Blog, Fiji

The Lau Group – Eastern Fiji

The Lau group is a group of islands to the East of Fiji. The islands are fairly remote from the two big main Islands and the pace of life is much slower here. The distance from the main islands and limited transport mean they receive very few visitors. Our first stop in the Lau group was at the village of Daliconi on Vanuabalavu,

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We presented our sevusevu gift of kava to the chief and were given permission to wander around the village and explore it’s surrounds. For the sevusevu ceremony it is polite for the men to wear a sulu, which is basically a skirt, so Amy lent Matt one of hers. Very fetching…

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Meeting the 83 year old chief!
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It’s not a skirt, it’s a sulu… 
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Once they had got over their fright of strangers, we had some very enthusiastic tour guides. The list of sites included the beach, pig pens and “where we put the dead people”.
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There were no TV’s to distract these kids from playing outside together. No plastic tat, just a rugby ball, and couple of  handmade toy boats (a block of wood on a string). Yet they radiated with such happiness and contentment, we left feeling they could teach the ‘developed’ world a thing or two. 

The bay of islands, just around the corner from the village was one of THE places we were most excited about seeing in Fiji. By setting off from New Zealand at the start of May we were slightly early in the season so there were only 2 other yachts in the area. The dramatic mushroom shaped rock pinnacles create a maze of hidden anchorages and coves in intense shades of blue and green. There are endless intricate channels between the rocks to be explored by kayak and dinghy.

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This is the kind of view we conjured up in our minds eye when dreaming about this trip. The water was calm and clear enough to see turtles and shoals of fish from up here.
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The mushroom shaped rocks offer no opportunity for getting ashore in the bay, but they are very pretty.
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Florence posing
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Even on a grey day this place is spectacular
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For scale, the right hand rock is taller than Florence’s mast
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What better location for a spot of dinghy sailing? In reality the wind was shifty and full of holes and a lot of concentration was required not to run aground.
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Exploring the channels between the rocks in the kayak. Occasionally a turtle would pop its head up for a breath.
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Relaxing after a hard day exploring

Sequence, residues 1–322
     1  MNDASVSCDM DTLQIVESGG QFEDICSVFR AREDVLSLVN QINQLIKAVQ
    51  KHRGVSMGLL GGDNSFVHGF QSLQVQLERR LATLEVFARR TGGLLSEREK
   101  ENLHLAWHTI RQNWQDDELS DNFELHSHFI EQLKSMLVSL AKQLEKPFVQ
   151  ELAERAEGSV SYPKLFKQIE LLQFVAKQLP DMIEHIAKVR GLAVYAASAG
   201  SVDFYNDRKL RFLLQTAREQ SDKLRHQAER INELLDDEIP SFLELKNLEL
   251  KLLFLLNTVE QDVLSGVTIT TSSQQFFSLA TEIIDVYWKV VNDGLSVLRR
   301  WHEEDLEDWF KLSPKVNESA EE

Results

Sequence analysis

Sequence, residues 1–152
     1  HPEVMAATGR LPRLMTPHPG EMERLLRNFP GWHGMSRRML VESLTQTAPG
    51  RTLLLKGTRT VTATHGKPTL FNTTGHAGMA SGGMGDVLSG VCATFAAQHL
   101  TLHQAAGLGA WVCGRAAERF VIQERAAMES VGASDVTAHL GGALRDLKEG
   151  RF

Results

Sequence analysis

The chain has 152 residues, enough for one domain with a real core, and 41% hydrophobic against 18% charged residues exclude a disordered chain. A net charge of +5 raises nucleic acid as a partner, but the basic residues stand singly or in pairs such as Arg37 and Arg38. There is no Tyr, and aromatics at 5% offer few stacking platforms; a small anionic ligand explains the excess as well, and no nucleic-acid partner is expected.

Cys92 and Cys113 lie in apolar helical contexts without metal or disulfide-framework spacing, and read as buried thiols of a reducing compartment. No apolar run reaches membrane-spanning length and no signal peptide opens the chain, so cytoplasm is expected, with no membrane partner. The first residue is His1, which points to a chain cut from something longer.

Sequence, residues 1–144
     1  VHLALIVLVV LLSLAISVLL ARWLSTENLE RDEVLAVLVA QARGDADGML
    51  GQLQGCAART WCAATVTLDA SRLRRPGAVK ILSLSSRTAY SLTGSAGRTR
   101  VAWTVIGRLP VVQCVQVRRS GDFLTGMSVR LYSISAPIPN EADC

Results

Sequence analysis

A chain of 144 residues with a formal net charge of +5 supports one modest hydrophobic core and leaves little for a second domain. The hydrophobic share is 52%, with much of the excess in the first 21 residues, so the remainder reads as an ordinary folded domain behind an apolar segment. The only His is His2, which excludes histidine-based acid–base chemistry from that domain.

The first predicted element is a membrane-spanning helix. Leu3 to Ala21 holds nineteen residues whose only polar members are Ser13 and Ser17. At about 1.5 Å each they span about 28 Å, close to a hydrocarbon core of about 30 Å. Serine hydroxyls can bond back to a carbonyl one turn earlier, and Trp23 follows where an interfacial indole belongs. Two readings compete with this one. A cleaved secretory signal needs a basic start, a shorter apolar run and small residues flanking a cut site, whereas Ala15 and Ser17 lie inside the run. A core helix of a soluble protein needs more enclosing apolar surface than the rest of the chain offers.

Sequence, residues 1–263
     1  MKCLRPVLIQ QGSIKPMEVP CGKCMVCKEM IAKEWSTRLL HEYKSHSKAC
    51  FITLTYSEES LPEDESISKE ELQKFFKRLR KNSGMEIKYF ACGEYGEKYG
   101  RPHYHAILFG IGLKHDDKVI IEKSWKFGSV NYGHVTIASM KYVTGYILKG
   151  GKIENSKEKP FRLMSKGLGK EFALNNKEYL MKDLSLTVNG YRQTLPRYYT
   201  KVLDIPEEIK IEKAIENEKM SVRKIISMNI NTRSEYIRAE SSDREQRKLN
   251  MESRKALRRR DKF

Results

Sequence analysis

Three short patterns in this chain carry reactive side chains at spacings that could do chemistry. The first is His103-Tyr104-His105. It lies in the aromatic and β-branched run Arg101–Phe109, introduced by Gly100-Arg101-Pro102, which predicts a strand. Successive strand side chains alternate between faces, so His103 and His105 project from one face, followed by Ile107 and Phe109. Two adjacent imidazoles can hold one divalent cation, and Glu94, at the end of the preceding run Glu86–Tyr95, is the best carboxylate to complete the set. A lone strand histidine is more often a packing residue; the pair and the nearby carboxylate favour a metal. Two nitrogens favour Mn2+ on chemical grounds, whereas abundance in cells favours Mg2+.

We paddled into one cove and came upon a huge colony of huge bats known as flying foxes. You can really see the resembelence to a fox when you see them up close.

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Umm, they eat fruit right?? That one is definitely looking at me…
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The noise of thousands of bats up close was deafening

After the Bay of Islands we sailed north around the main island and found this stunning bay.

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With no way to get ashore here, the best way to get a good view and some perspective was up the mast

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Can you see Matt down there in the kayak?
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What do you mean you want to come down from the mast now? I’ve just got comfy here…

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The water was so clear that there was no need to get in with a snorkel, we could just look over the side of the kayak.

The views here have been stunning and that is one side of Fiji that we set out to find. The other side is the human side. We are keen to get a real taste for village life in a remote area of Fiji to meet the people behind the “Bula”s and the big smiles. So next we plan to to go somewhere even yachts rarely visit, an island one overnight sail to the south west.

 

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4 thoughts on “The Lau Group – Eastern Fiji”

  1. What an amazing trip. Fiji has always appealed to me. Is there any language problems or does everyone speak a bit of English?

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  2. OMG…what an amazing experience! You must feel like you are on a spacecraft of discovery, albeit your very own! Thanks for the time to share this with all. To see it through your eyes (words) only adds to the allure…

    Like

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